A single dose of the Oxford / AstraZeneca coronavirus vaccine is 76% effective from three weeks to 12 weeks after injection, according to analysis of trial data that could boost confidence in the UK’s decision to delay second doses and vaccinate more people more quickly.
In a paper published Tuesday but not yet peer reviewed, researchers at the University of Oxford said the single dose had shown 76 percent effectiveness from 22 to 90 days after vaccination, “with protection showing little evidence of decreasing during this period”.
The researchers also found that spacing out the first and second doses over a longer period of time resulted in better long-term efficacy – a fact previously argued theoretically, but not empirically demonstrated with large-scale evidence for coronavirus vaccines. The vaccine’s effectiveness jumped to 82.4% after a second dose after 12 weeks, Oxford said.
What’s more, the vaccine could have a significant impact on transmission, Oxford said, after reducing the number of positive coronavirus tests among those vaccinated by 67%. However, a much larger sample will be needed to come to definitive conclusions about the risk of transmission, researchers said.
Andrew Pollard of Oxford, the vaccine trial’s chief investigator, said the data provided “an important check on interim data that has been used by more than 25 regulators” in the UK and Europe to give emergency vaccine approval.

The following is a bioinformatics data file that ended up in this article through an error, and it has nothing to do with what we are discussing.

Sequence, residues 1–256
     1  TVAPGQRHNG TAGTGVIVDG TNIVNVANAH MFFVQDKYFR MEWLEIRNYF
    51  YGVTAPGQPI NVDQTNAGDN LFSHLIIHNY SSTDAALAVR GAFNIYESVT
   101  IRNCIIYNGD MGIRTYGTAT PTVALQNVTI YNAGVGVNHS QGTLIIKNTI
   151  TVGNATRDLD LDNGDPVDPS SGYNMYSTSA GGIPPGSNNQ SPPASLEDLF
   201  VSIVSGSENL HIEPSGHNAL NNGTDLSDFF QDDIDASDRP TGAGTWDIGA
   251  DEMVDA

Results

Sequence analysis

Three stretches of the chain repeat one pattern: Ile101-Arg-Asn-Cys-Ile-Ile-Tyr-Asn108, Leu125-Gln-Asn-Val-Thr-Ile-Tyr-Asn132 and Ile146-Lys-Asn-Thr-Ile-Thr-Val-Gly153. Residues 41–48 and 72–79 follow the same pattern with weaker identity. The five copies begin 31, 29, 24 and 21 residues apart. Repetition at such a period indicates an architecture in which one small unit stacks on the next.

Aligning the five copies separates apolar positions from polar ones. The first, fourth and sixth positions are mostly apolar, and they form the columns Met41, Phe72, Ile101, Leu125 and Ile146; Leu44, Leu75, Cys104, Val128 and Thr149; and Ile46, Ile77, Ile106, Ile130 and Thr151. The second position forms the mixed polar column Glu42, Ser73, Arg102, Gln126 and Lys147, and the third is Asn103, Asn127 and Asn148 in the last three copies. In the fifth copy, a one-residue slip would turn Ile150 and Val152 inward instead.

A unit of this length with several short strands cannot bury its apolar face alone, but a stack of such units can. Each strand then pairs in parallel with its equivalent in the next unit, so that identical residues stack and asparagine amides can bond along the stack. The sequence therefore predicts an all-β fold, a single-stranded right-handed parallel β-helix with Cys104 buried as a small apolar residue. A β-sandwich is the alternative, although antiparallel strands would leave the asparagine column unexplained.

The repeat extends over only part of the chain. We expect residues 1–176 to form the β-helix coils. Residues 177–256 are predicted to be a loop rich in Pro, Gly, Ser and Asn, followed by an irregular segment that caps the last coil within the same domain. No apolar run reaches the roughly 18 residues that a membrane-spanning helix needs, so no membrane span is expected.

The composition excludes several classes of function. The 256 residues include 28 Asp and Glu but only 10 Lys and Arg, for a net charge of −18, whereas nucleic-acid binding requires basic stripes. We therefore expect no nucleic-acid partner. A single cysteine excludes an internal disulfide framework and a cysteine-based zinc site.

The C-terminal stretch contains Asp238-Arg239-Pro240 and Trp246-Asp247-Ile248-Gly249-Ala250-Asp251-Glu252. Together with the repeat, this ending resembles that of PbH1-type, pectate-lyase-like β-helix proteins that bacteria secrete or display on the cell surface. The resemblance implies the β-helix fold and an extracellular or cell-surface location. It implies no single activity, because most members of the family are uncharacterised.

“He also supports the policy recommendation made by the Joint Committee on Vaccination and Immunization (JCVI) for a 12-week prime-boost interval, as they seek the optimal approach for deployment, and reassures us that people are protected for 22 days. after a single dose of vaccine, ”he said.
The UK approved the Oxford / AstraZeneca vaccine in December, surprising some observers after choosing to space doses up to 12 weeks in order to stretch limited supplies, a move that some critics said had no effect. empirical support.
Stephen Evans, professor of pharmacoepidemiology at the London School of Hygiene & Tropical Medicine, said the data “certainly provide evidence to suggest that possible protection against two doses of this vaccine is not worsened by a period longer than 28 or 42 days. between doses and tend to confirm what had been shown previously, that if something the final efficacy was better ”.
While these data should not be taken as indicating that all questions have been answered, “they certainly do not suggest that JCVI’s advice on dose spacing was in any way incorrect for this vaccine,” he said. he declares.
Other manufacturers of coronavirus vaccines approved for use in the UK and EU, BioNTech / Pfizer and Moderna, have not tested their vaccines on longer dosing schedules and continue to recommend two doses up to four weeks apart.